THE FIGHTER ($39.99 BluRay or $29.99 regular; Paramount) -- I wish I liked The Fighter more than I do. It's a passion project for Mark Wahlberg, a very good actor with good taste in scripts. It's bursting with talent, including Oscar winners Melissa Leo as Wahlberg's pushy mom and Christian Bale as his drug-using brother. And it gives the talented director David O. Russell another hit to his credit. Great. Unfortunately, the story is so familiar and rote that you wait in anticipation for some curve ball, some new insight that never comes. Further, the fights are shot to mimic the style of TV coverage back in the day. That's an interesting choice aesthetically but it means the fights themselves are fairly dull to watch. It's a decent film with Amy Ryan and especially Wahlberg very good again. It's just hard to think of anything new here worth your time.
HEREAFTER ($35.99 BluRay combo; $28.98; Warner Bros.) -- After a disturbingly realistic tsunami in the opening scenes, Hereafter settles into a rather dull story of a reluctant psychic (Matt Damon) constantly hounded by people who want him to use his gifts to give them solace and closure. He just wants a normal life but it's not to be. The similarly-themed Biutiful has an excellent performance by Javier Bardem and a darker tone to recommend it. Here Clint Eastwood never seems to dig into the material with any passion. That's not true on the extras where Eastwood holds forth on his entire career in a very lengthy interview that is engaging and fun to hear.
YI YI ($39.95 Criterion BluRay)
AU REVOIR LES ENFANTS ($39.95; Criterion BluRay) -- People throw around words like "masterpiece" with casual abandon. Not me, I promise you. But here are two masterpieces. You'll find them both among my lists of the best films of all time -- Au Revoir is my favorite film from 1987, one of the best years for movies in history, in my opinion. And Yi Yi was an instant classic for me in 2000. It would have been my #1 pick except for Crouching Tiger, Hidden Dragon, one of the best action adventure films of all time and another masterpiece. You owe it to yourselves to watch both of them and Criterion makes it a pleasure more than ever. Yi Yi was previously out on a disastrously poor DVD release that was the only available copy for years. It was still watchable, but it deserved much better. Au Revoir has had fine releases but Criterion always raises the bar. I love that they include the Charlie Chaplin short seen only briefly in the film. Yi Yi is a group portrait of a middle class family in Taiwan. You'll get to know them all but at the heart of it is a little boy so wise and clever and with such a wonderful outlook on life you'd swear he's the reincarnation of the Buddha. (That is not a plot point, by the way.) Au Revoir is based on a childhood memory of director Louis Malle about the Jewish boys hidden in their Catholic boarding school during WW II until the Nazis come and ferret them out. It's heartbreaking and lovely. I interviewed Malle shortly before his death and did something I rarely do which was to praise this film in person and say how much it meant to me and how I believed he had done his memory justice. He's used to praise and probably forgot it an hour later but I was glad I did it.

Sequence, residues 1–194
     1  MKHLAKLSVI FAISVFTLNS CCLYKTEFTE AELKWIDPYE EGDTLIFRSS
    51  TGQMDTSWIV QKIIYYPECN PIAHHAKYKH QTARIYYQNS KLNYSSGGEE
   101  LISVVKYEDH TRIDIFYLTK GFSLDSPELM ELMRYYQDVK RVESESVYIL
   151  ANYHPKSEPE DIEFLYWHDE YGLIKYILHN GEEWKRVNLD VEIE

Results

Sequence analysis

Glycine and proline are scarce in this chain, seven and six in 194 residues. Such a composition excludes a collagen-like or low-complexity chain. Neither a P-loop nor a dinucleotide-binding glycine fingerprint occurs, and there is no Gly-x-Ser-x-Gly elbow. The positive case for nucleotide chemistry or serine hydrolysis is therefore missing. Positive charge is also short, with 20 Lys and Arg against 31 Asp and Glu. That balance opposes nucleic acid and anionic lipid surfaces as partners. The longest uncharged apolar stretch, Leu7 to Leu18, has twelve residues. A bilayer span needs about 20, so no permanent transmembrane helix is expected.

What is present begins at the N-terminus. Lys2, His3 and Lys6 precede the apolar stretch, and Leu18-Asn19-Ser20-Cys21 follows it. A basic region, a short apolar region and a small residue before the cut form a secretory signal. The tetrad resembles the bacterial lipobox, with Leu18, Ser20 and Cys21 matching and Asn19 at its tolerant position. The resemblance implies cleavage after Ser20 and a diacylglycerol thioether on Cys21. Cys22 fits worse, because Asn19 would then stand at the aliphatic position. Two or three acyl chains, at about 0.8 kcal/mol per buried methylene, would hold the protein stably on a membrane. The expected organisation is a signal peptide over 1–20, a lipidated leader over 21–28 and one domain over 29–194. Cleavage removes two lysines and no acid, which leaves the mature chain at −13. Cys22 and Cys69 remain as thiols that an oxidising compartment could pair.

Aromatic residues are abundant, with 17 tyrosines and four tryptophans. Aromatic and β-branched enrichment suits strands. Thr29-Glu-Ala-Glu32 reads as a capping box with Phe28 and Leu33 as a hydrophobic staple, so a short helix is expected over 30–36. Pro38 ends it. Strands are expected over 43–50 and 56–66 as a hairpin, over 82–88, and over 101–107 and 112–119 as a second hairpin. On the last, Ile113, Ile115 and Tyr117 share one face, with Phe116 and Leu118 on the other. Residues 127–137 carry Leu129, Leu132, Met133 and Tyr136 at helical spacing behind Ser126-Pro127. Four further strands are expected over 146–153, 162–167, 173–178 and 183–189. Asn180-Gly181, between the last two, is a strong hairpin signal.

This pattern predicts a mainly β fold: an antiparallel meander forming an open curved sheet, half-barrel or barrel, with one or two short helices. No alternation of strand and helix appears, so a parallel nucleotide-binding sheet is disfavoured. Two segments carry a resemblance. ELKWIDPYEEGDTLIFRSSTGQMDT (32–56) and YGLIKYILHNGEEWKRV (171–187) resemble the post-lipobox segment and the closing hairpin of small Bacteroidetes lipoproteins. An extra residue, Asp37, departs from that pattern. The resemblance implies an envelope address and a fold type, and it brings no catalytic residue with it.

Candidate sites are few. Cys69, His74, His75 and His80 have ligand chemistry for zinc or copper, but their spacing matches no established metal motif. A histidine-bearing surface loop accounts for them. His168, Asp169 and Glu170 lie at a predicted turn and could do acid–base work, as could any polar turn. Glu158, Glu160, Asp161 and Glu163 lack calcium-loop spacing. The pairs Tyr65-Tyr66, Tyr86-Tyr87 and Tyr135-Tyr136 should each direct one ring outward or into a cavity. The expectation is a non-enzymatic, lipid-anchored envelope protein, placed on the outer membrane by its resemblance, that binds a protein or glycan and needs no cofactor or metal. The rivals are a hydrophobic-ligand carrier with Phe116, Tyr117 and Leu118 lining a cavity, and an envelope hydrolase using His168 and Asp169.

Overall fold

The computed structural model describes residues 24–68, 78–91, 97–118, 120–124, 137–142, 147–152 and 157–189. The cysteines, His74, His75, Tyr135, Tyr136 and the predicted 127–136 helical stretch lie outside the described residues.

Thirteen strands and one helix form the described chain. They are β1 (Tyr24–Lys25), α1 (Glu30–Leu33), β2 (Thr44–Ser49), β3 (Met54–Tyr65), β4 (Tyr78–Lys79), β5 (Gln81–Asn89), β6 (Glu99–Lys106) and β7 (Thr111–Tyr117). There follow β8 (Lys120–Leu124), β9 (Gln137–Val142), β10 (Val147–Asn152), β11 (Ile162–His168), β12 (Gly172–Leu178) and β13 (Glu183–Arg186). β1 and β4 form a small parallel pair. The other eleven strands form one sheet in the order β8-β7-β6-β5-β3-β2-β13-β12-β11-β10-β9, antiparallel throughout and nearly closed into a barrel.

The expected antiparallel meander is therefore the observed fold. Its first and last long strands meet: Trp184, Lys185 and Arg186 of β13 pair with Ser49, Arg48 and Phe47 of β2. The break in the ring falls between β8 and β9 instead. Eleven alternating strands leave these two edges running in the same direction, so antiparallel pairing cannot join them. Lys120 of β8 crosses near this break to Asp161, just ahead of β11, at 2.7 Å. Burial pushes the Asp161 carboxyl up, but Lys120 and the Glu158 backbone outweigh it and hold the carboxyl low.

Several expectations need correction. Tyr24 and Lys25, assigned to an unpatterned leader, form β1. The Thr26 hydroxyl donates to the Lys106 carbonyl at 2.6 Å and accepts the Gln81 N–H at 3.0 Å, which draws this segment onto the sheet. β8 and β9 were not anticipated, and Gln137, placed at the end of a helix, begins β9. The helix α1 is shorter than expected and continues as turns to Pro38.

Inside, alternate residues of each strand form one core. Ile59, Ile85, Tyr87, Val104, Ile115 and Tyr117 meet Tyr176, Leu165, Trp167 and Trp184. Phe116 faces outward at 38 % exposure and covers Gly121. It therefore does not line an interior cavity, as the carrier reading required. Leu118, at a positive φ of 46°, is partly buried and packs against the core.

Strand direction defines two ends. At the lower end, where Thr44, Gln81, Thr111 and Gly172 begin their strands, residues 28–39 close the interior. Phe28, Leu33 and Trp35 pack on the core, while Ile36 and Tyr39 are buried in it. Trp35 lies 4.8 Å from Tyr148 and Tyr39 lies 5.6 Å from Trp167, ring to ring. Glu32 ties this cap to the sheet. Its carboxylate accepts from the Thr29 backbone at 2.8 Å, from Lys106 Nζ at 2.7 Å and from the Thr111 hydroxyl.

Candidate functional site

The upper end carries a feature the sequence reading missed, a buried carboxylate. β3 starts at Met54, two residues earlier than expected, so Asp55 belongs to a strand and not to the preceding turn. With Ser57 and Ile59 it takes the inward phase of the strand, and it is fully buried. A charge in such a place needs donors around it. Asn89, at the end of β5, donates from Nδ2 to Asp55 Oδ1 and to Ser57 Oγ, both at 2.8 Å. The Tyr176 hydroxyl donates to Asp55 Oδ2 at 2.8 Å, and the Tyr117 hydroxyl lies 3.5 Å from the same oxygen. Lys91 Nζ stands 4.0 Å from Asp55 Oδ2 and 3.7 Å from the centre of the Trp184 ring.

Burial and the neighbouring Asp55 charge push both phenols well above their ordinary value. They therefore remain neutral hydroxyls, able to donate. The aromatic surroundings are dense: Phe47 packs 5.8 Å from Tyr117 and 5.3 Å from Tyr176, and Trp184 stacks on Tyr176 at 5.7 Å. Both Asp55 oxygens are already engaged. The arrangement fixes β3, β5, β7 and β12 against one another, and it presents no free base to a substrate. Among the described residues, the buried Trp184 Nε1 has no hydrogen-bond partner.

MICHAEL JORDAN TO THE MAX ($19.99 BluRay; Lionsgate)
ULTIMATE JORDAN DELUXE LIMITED EDITION ($69.98 BluRay; Image)